Defending the Rights of ALL Patients, Living and Dead
Wayne N. Brown
Death. The ultimate unknown. People fear it because we literally have no idea what awaits us. For this reason, it is the ultimate honor of trust when a person asks someone to execute their final wishes. In the 1780’s, while the people of France and the future United States fought for their individual rights, one man in London got double-crossed by the people he trusted to enforce his wishes into death; and just recently, in 2011, got those same wishes betrayed again, in the name of science--- again.
Charles Byrne, more famously known as the “Irish Giant,” paid his bills by essentially selling his privacy to work for Cox Museum as a sort of local “freak” at 7 foot 7 inches. His height was even more intriguing back then than it is today. With a median height at the time of about 66 inches tall (Health and welfare during industrialization, Richard Hall Steckel, Roderick Floud), Byrne was more than two feet taller than his contemporaries, a dubious honor and stressful life for a man who only lived a short 22 years. The notion of the stress he lived with is reinforced by anecdotal evidence of this man devouring himself in alcohol towards the end of his short life. Byrne carved out a financial living for himself, with no regard to what effect it would have on his emotional life; so after he died he wanted to be buried at sea; a simple and very reasonable request that would be totally ignored by the people he most trusted. Local surgeon John Hunter bribed a member of the funeral party to remove Byrne’s body so he may study it. From the moment Byrne passed on, Byrne’s body, and now skeleton, have been treated as an enviable possession for people interested in the study of pituitary and growth disorders. Now, 228 years later, the Royal College of Surgeons in London still refuses to let Mr. Byrne rest in peace after turning down yet another request for his watery burial, as recently as this past week.
Speaking as an Acromegaly patient and also as a patient advocate for people coping with Acromegaly, I am conflicted- because I would love to think that there is a cure to this disease hiding in Byrne’s bones, but after two centuries, I believe that this hope has likely faded. Acromegaly, a disease that causes an overproduction of growth hormone can cause all sorts of life-altering symptoms including: changes in the face and body structure, severe arthritis, headaches, severe joint pain, and severe heart conditions, just to name a few symptoms. If there were a chance to still discover a cure from studying Byrne’s DNA, it seems likely that science would already be on the right track, and if they are really that close, why not simply give a promise to bury the bones by ___ date? As another option, it seems that they could simply extract a sample of remaining DNA for further study. The overarching question is, does the college really need the bones to be studied in new and different ways that have done in two-and-a-quarter centuries, or is the college finding benefit in “letting” Charles Byrne continue to work as part of some involuntary ‘freak show?’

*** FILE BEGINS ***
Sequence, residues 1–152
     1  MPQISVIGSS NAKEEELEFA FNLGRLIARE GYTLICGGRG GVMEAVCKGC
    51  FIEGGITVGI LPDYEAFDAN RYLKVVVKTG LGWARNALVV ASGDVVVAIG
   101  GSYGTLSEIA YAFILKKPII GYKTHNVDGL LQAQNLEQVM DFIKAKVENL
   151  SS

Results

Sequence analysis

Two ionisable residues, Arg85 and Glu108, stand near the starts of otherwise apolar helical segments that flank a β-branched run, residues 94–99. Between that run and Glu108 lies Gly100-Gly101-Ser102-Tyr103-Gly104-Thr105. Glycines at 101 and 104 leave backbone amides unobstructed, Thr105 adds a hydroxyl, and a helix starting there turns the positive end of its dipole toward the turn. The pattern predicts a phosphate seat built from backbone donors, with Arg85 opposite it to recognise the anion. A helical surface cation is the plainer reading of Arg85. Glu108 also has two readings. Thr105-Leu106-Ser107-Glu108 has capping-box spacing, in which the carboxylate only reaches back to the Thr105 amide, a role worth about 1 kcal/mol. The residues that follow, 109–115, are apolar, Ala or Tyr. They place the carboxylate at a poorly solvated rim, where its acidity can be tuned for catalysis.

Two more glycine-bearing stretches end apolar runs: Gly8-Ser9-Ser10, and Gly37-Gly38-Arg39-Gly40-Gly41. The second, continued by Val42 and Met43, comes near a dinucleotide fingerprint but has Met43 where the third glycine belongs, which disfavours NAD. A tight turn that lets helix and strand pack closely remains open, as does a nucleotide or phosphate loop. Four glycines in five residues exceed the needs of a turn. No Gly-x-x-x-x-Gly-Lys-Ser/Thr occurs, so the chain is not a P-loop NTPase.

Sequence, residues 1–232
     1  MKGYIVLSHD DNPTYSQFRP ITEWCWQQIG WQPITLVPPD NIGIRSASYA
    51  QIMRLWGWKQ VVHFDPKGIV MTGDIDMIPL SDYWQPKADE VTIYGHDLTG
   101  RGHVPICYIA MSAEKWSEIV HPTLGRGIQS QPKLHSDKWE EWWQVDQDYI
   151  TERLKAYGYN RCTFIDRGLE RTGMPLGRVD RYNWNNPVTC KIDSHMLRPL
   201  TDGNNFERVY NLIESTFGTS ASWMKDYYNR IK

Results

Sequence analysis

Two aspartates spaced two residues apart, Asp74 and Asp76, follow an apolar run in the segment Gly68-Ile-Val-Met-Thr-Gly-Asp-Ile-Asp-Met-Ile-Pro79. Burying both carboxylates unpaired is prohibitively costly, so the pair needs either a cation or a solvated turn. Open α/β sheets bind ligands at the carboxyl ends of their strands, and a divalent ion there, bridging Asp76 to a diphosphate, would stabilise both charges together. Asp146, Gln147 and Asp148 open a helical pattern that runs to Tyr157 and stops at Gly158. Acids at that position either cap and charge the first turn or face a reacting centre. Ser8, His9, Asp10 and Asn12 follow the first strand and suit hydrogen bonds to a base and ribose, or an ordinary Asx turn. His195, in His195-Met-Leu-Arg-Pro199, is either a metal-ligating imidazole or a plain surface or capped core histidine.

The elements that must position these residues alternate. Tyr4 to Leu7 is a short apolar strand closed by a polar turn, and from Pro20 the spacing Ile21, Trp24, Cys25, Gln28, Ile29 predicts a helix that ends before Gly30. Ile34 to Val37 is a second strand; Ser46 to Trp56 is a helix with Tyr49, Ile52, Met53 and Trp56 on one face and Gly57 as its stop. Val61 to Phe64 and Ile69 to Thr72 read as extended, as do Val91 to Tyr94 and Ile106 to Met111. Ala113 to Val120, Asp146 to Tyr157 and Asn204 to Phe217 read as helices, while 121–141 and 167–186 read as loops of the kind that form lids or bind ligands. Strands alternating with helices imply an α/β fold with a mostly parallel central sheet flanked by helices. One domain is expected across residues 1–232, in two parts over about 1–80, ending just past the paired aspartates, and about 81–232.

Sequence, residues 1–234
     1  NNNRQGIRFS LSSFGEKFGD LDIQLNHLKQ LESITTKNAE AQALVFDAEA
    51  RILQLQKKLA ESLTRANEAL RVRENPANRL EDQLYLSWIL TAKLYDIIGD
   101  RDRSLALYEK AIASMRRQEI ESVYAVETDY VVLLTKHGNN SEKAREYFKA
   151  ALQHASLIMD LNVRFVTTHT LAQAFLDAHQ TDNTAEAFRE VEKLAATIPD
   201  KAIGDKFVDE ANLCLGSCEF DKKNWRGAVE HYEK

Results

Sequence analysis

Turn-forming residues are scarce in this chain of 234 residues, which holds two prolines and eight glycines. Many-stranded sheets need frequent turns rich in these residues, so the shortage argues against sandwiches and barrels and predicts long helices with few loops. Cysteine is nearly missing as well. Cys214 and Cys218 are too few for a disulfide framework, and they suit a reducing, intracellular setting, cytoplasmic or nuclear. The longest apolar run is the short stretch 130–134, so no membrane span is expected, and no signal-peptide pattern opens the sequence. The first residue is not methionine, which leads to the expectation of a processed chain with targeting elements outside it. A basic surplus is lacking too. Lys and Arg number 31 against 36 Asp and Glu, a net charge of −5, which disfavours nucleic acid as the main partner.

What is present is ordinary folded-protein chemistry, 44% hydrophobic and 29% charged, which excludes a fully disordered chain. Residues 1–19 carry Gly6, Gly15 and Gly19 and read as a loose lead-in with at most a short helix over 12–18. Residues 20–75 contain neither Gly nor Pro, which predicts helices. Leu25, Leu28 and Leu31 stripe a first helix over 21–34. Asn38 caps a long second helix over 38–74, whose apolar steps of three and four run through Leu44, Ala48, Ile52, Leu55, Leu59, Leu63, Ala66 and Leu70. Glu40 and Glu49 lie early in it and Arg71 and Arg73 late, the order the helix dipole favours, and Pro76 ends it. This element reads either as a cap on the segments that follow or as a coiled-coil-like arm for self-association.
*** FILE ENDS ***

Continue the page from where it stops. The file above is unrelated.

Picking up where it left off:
How is it that the man died so many years ago and his wishes are still being blatantly ignored- or does willful ignorance become easier as time passes, now that Byrne has no voice, and his family seems to have all passed on, are unaware, or disinterested in the welfare of their long-gone relation.
If you are looking for Acromegaly patients to fill Byrne’s stead, we have them all around the world begging to get medical attention, and they are alive. There are many who can’t afford medical care, and would happily take your attention- as long as your respect comes right along with it. Patients and their loved ones can answer your questions, and even give you responses, something you may find difficult in a man born while the Seven Years War was still being fought. Now, there are a lot of wonderful doctors and research facilities working tirelessly on the cure and treatment for people enduring this terrible condition, and it is time to let Charles Byrne have his wishes granted. He did not wish to spend eternity as an exhibit in a museum, being photographed and ogled by student doctors, interns, and tourists. There are plenty of patients who donate their bodies to research and study after they pass- I would encourage you to study those patients and let Charles Byrne step down from the stage.
Death should be the ultimate escape. From pain, from embarrassment, and from ridicule. The offense here is merely heightened by the fact that it is a hospital and an institution of higher learning guilty of this gross offense against a man unable to protect himself. After all, the Hippocratic Oath says to first do no harm. It seems that this requirement should follow, even into a person’s death.